The solution to this performance optimization challenge was not query optimization in this case. Improving the process of changing the status of projects and archiving them resulted in the performance improvements that they needed. This resulted in better data available in the database and less time and computing resources to produce the query output.

After implementation of the process, the organization has seen significant decrease in the query run time.

The lesson learned here is that report performance optimization isn’t always about query optimization.  The people that touch data at any point can also have an effect on performance.

The post Report Performance Optimization: Data Quality appeared first on OptimusBI.

Writing and Coding Calabash-Android Test Cases

Building on my calabash-android setup post, I want to explain how to start writing calabash-android test cases in the ‘feature’ files and their respective code in ‘step definition’ files.

After you install the Calabash-Android gem then a directory structure is saved at the following path:

[code language=”text”]C:Ruby193librubygems1.9.1gemscalabash-android-0.4.3[/code]

In this folder: “C:Ruby193librubygems1.9.1gemscalabash-android-0.4.3libcalabash-androidsteps” you should find various .rb files which contain the pre-written code for various mobile app events such as touch, swipe, scroll down, enter text in input field number and wait for events.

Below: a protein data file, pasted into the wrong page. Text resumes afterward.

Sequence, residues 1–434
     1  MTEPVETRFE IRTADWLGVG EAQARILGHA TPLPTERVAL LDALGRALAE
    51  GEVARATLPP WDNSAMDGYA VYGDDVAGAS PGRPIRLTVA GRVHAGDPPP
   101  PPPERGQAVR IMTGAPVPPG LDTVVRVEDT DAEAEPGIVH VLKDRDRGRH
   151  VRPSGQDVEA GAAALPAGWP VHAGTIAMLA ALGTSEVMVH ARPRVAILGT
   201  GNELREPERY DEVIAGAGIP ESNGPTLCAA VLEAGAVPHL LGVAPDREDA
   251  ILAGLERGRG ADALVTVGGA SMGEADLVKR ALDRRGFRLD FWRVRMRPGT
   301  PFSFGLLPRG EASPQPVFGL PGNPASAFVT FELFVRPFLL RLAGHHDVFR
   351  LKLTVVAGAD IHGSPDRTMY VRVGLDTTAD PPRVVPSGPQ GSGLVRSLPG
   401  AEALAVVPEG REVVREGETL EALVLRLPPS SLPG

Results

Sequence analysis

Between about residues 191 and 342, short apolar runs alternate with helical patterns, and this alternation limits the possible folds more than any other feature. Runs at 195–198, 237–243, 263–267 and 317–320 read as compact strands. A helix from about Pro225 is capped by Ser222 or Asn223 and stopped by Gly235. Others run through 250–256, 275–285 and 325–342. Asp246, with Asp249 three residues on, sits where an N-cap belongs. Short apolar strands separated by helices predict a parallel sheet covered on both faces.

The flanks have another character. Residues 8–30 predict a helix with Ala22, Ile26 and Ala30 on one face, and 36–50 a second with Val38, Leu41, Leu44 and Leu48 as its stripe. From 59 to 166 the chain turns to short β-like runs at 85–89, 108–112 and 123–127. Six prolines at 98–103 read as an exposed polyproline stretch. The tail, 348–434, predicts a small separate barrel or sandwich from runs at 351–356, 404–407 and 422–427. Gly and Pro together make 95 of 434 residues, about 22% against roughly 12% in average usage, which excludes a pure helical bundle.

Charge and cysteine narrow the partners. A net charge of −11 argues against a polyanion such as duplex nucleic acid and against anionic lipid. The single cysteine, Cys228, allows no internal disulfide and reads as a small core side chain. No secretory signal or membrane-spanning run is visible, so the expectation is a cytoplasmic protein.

Such pre-written steps help a lot in writing test cases in the plain English format of Cucumber.

Feature File and Step Definition

Here is an example of a feature file and step definition content for testing login.

Feature file content

[code language=”text”]
Scenario: Login Functionality
Given I am on the Login page
When I enter invalid username and password
And I press Login button
Then Error message should appear stating “Invalid username or password”
[/code]

Step definition file content

[code language=”text”]
Given (/^I am on the Splash Screen$/) do
wait_for(180) {element_exists("button id:")}
##This row will wait for 180 seconds before loading the login page after installing the app on your mobile device or emulator.

When (/^I enter invalid username and password$/) do
steps %{
Then I enter "" into input field number 1
## This row will enter text in the username field (If it is the first input or text field on the page.)

Then I enter "" into input field number 2
## This row will enter text in the password field (If it is the second input or text field on the page.)

Then I wait for 5 seconds
## This row will make the app wait for 5 seconds
}
end

And (/^I press Login button$/) do
steps %{

Then I press the "Log in" button
## This row will press the button with text “Login” on it

Then I wait for 5 seconds